Click on “Download PDF” for the PDF version or on the title for the HTML version.


If you are not an ASABE member or if your employer has not arranged for access to the full-text, Click here for options.

GROUND WATER QUALITY NEAR THE EVERGLADES NATIONAL PARK, SOUTH MIAMI-DADE COUNTY, FLORIDA

Published by the American Society of Agricultural and Biological Engineers, St. Joseph, Michigan www.asabe.org

Citation:  Watershed Management to Meet Water Quality Standards and Emerging TMDL (Total Maximum Daily Load) Proceedings of the Third Conference 5-9 March 2005 (Atlanta, Georgia USA) Publication Date 5 March 2005  701P0105.(doi:10.13031/2013.18134)
Authors:   M. R. Savabi, D. Shinde and N. Cockshutt
Keywords:   Groundwater water quality, Everglades National Park, agriculture, monitoring

Non-point source water pollutants resulting from agricultural areas have been implicated as a source of water quality degradation in South Florida, USA. The nutrients loading from agricultural and urban areas have increased nutrient concentrations, particularly phosphorus at the Everglades National Park (ENP), Florida. A farm near the Everglades National Park was selected for this study. Ground water table fluctuation and quality have been monitored for two years in a one-mile transect. In addition, water quality of the main canal, located at the end of the transect was monitored on weekly basis. Due to high transmissivity of the Biscayne aquifer, there is high correlation between the concentration of N and P in the ground water monitoring wells and the canal. The results indicated that during the summer season (wet season) the quality of water in the agriculture area is correlated with the water quality in the canal. However, during the winter season (dry season) there is correlation between the nutrient content of the wells located in the agriculture area and the nutrient content of the main canal. In south Florida, the growing season and the application time of agro-chemicals for most vegetables is during the winter, therefore, the source of observed nutrients in the main canal should not be from the agricultural area in South Florida.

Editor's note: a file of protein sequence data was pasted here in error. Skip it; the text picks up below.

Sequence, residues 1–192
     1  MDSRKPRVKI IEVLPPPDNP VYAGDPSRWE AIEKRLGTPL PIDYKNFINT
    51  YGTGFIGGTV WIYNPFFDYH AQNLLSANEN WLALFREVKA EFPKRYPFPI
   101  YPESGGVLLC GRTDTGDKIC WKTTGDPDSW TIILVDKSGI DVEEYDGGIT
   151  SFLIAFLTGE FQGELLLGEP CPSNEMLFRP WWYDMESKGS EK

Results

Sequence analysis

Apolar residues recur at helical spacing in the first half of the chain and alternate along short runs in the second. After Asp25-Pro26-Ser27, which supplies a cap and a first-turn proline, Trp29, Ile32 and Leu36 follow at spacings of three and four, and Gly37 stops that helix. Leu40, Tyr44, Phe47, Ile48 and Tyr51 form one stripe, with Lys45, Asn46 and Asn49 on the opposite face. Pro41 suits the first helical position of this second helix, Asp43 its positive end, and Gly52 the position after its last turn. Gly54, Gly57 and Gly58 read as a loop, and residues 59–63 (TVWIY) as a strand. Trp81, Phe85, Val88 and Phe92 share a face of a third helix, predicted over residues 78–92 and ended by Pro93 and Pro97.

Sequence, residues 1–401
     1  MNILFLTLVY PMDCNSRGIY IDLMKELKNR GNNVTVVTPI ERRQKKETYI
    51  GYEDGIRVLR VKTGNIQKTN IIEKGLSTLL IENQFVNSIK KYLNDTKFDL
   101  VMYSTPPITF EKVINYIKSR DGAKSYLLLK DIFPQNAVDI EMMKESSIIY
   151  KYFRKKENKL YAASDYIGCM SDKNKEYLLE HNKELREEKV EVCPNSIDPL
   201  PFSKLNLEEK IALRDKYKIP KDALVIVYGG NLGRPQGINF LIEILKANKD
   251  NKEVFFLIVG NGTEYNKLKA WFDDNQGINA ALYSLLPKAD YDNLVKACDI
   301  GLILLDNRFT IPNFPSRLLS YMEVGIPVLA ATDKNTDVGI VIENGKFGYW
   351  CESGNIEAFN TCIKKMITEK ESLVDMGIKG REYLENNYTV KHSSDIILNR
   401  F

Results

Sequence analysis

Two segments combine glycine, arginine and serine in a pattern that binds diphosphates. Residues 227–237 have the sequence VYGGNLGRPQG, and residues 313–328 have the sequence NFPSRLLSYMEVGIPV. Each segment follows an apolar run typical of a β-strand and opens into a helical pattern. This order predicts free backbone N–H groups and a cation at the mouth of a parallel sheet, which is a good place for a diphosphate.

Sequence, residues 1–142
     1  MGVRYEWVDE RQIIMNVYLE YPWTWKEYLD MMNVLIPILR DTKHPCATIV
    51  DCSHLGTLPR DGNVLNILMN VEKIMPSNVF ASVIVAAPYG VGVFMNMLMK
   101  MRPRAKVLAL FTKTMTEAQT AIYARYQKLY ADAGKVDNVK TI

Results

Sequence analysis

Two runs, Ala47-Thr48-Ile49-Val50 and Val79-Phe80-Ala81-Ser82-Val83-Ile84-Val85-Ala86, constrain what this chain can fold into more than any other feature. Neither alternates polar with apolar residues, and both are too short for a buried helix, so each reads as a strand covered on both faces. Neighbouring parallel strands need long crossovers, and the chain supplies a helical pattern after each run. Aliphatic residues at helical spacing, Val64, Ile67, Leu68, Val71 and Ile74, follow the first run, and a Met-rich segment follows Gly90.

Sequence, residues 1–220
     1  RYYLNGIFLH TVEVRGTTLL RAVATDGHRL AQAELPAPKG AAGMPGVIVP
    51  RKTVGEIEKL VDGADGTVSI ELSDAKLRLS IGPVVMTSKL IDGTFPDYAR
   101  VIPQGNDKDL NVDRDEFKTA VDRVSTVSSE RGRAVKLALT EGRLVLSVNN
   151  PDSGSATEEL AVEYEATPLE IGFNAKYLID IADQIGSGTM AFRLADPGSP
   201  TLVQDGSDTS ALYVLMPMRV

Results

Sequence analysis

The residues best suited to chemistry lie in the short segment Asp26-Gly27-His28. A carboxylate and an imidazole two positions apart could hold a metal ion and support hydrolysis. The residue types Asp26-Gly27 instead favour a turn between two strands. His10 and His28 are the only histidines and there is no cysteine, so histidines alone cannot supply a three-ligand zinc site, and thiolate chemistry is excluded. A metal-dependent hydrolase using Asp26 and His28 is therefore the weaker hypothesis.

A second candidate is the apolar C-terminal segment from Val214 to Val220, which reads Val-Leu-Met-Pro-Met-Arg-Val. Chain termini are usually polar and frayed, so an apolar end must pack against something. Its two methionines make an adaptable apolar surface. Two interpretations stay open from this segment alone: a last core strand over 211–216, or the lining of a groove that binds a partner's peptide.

(Download PDF)    (Export to EndNotes)